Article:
Tattooed person in a sports bra on a yoga mat, exercising while sitting with their legs crossed.
Illustration by Marta Pucci

Sexercise: Exercises for Sex

Photo of Dr Katherine Hertlein
Reviewed by Dr Katherine Hertlein,
created by Blueheart
created by Josh Green
created by Sophie Browness
Date published:
Last updated:
Photo of Dr Katherine Hertlein
Reviewed by Dr Laura Vowels,
created by Blueheart
created by Josh Green
created by Sophie Browness
Date published:
Last updated:


  • Regular exercise is great for your sex life and brings lots of benefits such as improved performance and better orgasms.
  • All exercise has the potential to improve sexual function, from gentle walking, swimming and yoga, to high intensity strength-training and running.  
  • Sex is exercise in itself, and there are lots of ways to up the physical challenge of your lovemaking.

Whether you like it swinging from the chandeliers or as a more leisurely pursuit in a comfortable bed, sex in all its wonderful forms has one thing in common: it involves a bit of physical exertion. 

Countless studies have linked physical fitness to good sex, while sexercise - sex as a form of exercise itself - has never been a more popular and enjoyable way of killing two birds with one stone. Make time to focus on your fitness, and both you and your partner will be thankful later!

How does exercise help you have a better sex life?

During both exercise and sex, your body goes through very similar functions. You get sweaty, your heart rate and blood flow increase, your muscles are engaged and your respiratory rate goes up. And as anyone who's ever embarked on a new fitness routine will tell you, the more you do it, the easier it gets. So it follows that the fitter you are, the less physically demanding sex becomes, which means you can focus on having a good time rather than catching your breath or surreptitiously easing a leg cramp.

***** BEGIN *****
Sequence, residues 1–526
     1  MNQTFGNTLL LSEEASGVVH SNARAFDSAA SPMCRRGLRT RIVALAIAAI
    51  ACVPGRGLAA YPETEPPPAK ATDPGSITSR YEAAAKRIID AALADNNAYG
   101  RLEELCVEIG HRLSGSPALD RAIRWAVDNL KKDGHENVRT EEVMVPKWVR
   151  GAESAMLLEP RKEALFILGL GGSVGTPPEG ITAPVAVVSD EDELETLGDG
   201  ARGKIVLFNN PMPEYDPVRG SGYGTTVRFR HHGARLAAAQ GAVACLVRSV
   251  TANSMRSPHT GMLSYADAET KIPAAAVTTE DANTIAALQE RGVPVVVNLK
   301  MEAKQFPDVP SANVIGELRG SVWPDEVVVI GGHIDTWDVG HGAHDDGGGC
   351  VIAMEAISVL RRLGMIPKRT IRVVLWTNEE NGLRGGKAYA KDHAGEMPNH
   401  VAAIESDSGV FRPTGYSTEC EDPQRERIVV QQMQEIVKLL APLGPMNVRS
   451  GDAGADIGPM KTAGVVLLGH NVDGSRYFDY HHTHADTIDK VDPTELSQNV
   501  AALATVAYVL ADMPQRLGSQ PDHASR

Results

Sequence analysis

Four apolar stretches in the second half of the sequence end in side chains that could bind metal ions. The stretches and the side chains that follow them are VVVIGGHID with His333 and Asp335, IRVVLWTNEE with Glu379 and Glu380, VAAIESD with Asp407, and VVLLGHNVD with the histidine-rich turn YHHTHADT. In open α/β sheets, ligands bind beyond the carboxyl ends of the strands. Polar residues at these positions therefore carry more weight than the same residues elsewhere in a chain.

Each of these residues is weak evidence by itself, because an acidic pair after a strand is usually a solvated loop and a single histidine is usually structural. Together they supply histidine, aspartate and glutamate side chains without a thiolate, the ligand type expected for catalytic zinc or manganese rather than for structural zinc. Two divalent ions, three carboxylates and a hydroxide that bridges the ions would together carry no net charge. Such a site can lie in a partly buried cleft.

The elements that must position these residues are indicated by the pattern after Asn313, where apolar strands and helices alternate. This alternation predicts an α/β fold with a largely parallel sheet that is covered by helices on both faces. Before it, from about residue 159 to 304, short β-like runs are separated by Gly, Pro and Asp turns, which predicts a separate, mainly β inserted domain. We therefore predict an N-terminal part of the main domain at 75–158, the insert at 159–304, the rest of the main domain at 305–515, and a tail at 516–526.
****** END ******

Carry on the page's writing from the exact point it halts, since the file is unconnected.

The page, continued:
As well as improved endurance and strength, being physically fit is also good for improved sexual function. Regular exercise has been shown to reduce the risk of erectile dysfunction and improve testosterone levels in men, for example, while women who work on their pelvic floor muscles often report stronger and more intense orgasms. Of course, exercise is good for your overall health, too, responsible for reduced risk of heart disease and lower blood pressure - among many other benefits - meaning you and your partner can keep enjoying one another for years to come.

Finally, the fitter and healthier you are, the more confident you feel in your own skin - and everyone knows a little confidence in the bedroom is sexy. 

The best cardio exercise for sex

If you're looking to boost your endurance and stamina, cardio or aerobic exercise should be on the top of your to-do list. This is any type of physical activity that makes you sweaty, a bit breathless and gets your heart beating faster than normal, which is all good news for your cardiovascular health. 

Cardio workouts are suitable for everyone, and you needn't commit to an intense workout to feel the benefit. Sure, activities such as running and aerobics classes will get the blood pumping, but exercise such as walking and swimming are just as effective and better suited to people new to exercise, or who struggle with joint or muscle pain.